There was plenty to discuss as we watched the ITV intro and saw the surprising United team and yet it was difficult to prize a sentence from James, which in the circumstances wasn’t surprising. I hadn’t expected him to show at all. The night before (literally in the middle of the night) a senior neurologist had woken him, told him that he had an inoperable brain tumour and that he’d be dead within two weeks. James had spent the rest of the night at the nurses station sobbing. I, oblivious to this, went the following morning to check that he wanted to meet that night to watch the game. He vacantly said, “I don’t know. Maybe”. A couple of hours later his girlfriend explained what had happened. I hadn’t expected him to turn up that night so when he appeared and sat down I had no idea what to say. After an awkward few minutes I fell back on trusted ground for a bloke in the company of another bloke, whatever the circumstances, and started rabbiting about the footie, not expecting substantive answers and only getting dazed, one-word responses. The James who had been so animated about the Bolton game, who had jumped up growling when Solskjaer scored and had vigorously defended Giggs was, not surprisingly, gone.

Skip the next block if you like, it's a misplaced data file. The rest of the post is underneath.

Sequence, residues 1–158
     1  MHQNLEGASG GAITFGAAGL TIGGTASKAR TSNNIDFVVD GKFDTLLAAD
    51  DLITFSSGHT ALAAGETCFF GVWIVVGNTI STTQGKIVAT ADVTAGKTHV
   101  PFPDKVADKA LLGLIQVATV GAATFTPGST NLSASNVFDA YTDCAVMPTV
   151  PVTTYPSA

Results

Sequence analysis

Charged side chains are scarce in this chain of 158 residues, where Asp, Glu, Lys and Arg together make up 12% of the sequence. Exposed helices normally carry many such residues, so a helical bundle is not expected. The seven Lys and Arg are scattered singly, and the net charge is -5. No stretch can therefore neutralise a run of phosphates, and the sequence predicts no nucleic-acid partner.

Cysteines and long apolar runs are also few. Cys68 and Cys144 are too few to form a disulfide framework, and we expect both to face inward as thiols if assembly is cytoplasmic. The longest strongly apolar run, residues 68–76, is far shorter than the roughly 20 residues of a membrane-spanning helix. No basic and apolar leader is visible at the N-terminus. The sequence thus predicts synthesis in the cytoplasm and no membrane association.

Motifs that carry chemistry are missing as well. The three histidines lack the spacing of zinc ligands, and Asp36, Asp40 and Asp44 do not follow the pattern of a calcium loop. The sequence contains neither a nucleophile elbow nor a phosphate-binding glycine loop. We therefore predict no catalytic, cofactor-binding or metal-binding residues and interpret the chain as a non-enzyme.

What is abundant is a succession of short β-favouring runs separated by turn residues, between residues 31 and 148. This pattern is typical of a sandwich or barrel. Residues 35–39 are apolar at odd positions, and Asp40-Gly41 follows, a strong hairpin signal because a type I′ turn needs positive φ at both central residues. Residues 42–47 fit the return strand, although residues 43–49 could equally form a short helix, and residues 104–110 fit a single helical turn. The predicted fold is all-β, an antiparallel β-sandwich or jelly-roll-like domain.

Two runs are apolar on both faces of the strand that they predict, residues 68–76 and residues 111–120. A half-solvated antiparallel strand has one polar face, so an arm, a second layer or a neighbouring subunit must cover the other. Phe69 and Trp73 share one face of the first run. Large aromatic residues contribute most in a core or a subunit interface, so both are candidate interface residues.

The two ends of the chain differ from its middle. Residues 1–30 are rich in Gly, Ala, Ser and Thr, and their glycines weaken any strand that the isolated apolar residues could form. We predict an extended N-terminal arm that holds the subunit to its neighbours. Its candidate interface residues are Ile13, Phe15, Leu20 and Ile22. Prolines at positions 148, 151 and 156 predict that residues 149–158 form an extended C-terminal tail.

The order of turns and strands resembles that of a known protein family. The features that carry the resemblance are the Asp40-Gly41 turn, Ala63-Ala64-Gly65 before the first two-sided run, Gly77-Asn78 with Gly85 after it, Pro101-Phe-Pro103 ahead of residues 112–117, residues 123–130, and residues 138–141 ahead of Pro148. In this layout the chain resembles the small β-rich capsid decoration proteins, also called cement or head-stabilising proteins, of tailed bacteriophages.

The match started and within the first few minutes Diego Forlan sustained what looked like a serious injury. On came the much-maligned Giggs and what followed was perhaps one of the most memorable cameos in United’s modern history. Less than ten minutes after his introduction the Welshman collected Veron’s low pass across the box and slid the ball home to open the scoring. I celebrated in the muted fashion that my emotionally retarded man brain thought was suitable in the circumstances. James didn’t move, but turned to me and quietly said something along the lines of “see, I told you the lad is alright.” 25 minutes later Giggs collected a loose pass from Antonio Conte on the half-way line, dropped his shoulder and started to run. And run. And weave. And run. As so often was the case when he was in full flight, he made the other 21 players appear as if they were moving in slow motion. Surely someone must make a tackle? But they didn’t because they couldn’t get close. And this was Davids, Conte, Montero, Ferrara. Seconds later Giggs was in the box and sliding a finish with his swinger (the same with which he’d missed the open goal against Arsenal) into the far corner of the net, Gianluigi Buffon helpless and wide-eyed at what he had just witnessed. The man of the moment ran off to celebrate, pointing his thumbs over his shoulders at the name on the back of his shirt. As Giggs’ dribble had developed I’d started the strange, animalistic noises that we often involuntarily make when we see a moment of magic or drama on the football pitch and as the ball rolled home I forgot myself and the circumstances and jumped around the room. It took me a few moments to remember that I was supposed to be being understated and respectful and I turned to retake my seat, a tad embarrassed, only to see James on his feet, fists clenched, grinning and growling as well. From that moment on until we parted after the final whistle that brought a 3-0 win to a close it was as if nothing much had happened between then and the previous weekend. Giggs, he assured me, was back, even if he himself had to be replaced at half-time. Van Nistelrooy’s goal, United’s third, was celebrated with almost as much gusto as the second and James was nearly himself again, even if it was only for the duration of the match. I didn’t see him again for a couple of days until he and his girlfriend came to my bay to tell me and a couple of others he had met in hospital that he was going home to die. A few days later we were told by one of the nurses that he had passed away in his sleep. He was 38.